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News & Media

What job takes the most, but gives more?


This article gives an insight into the challenges faced by people trained in law enforcement but, who like in any other job, are expected to complete a myriad of administrative tasks as well. The stakes in this case are just that much higher…

The time supposed to be spent in the field as a Ranger should exceed 75% of his working life and it should be spent with Field Rangers.  This is how poaching is stopped.  Feet on the ground and area coverage.  This is how the poachers are placed on the back foot and how they are expelled from Protected Areas where they are illegally entering and killing our wildlife.  The possibility of doing it from an office, in-between reports, is unfortunately zero.

The need to deploy has however been replaced by the need to report. Rangers become office bound as funding is not available to appoint administrative staff to take the administration policies and procedures and run with them.  Rangers in turn are not trained as administrators and therefore take double the time to complete a report that a person trained for the job could do in a snap…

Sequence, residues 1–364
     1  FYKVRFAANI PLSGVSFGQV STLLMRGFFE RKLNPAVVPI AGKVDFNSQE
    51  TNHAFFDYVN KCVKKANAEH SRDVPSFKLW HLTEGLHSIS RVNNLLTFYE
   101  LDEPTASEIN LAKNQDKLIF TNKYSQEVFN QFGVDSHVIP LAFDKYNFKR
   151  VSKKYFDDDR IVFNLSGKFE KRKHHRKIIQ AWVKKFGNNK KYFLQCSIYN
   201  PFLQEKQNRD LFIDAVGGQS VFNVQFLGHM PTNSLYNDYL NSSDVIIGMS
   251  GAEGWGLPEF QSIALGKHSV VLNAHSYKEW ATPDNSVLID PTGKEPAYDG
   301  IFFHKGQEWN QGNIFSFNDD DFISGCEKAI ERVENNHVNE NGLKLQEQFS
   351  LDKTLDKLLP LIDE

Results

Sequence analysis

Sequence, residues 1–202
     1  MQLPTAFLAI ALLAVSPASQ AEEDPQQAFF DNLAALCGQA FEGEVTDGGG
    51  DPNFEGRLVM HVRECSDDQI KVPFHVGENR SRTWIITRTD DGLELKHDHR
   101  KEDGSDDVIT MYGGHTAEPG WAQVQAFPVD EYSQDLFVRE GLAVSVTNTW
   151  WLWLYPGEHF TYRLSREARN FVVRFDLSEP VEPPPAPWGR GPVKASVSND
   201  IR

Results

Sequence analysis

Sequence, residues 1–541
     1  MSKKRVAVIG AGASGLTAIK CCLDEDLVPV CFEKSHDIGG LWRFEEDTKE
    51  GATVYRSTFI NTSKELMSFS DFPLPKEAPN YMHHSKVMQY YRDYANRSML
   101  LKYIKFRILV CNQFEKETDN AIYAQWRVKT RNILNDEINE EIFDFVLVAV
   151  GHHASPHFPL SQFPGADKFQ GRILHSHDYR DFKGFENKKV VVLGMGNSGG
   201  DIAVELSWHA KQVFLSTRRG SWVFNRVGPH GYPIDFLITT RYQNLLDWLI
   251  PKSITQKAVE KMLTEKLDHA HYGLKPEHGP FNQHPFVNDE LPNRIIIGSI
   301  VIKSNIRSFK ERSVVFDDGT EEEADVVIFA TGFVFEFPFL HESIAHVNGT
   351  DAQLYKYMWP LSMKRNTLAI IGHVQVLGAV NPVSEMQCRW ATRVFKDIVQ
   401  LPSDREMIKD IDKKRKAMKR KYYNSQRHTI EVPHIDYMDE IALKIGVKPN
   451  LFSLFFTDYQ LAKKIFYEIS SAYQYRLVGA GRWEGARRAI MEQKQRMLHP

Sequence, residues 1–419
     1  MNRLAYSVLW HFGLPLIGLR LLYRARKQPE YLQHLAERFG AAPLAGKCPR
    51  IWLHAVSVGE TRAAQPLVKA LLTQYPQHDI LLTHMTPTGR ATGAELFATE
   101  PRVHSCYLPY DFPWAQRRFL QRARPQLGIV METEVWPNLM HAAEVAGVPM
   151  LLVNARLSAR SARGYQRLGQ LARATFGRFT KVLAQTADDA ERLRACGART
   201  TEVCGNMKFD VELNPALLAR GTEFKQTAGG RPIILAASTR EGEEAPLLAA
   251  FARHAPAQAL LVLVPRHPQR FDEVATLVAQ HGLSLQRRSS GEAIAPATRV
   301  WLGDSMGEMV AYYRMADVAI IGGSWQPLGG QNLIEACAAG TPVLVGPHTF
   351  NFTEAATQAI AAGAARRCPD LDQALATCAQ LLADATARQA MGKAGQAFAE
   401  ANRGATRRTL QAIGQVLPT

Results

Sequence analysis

So how do we juggle these demands to ensure the people that belong on the frontline, are on the frontline?  We ask our Rangers to spend time, a lot of time, outside work related time, to get all facets of the job done.  A Ranger will put in hundreds of extra hours in a year to cover all the bases; ensuring that they remain focussed on operations but also carry out the responsibilities that go with the job. This not only allows them to retain the job but ultimately allows them to continue doing the valuable work that they are trained to do on the frontline.

That is why they rate up there when people ask, “What job takes the most, but gives more?”  A Ranger’s job takes a huge amount, but one success in the field gives more in a second than others do in a lifetime.

Food for thought indeed when one looks at the many field rangers across Africa who live under tough conditions, sometimes without the necessary support or equipment, but continue to act as shield between the poacher and our precious wildlife.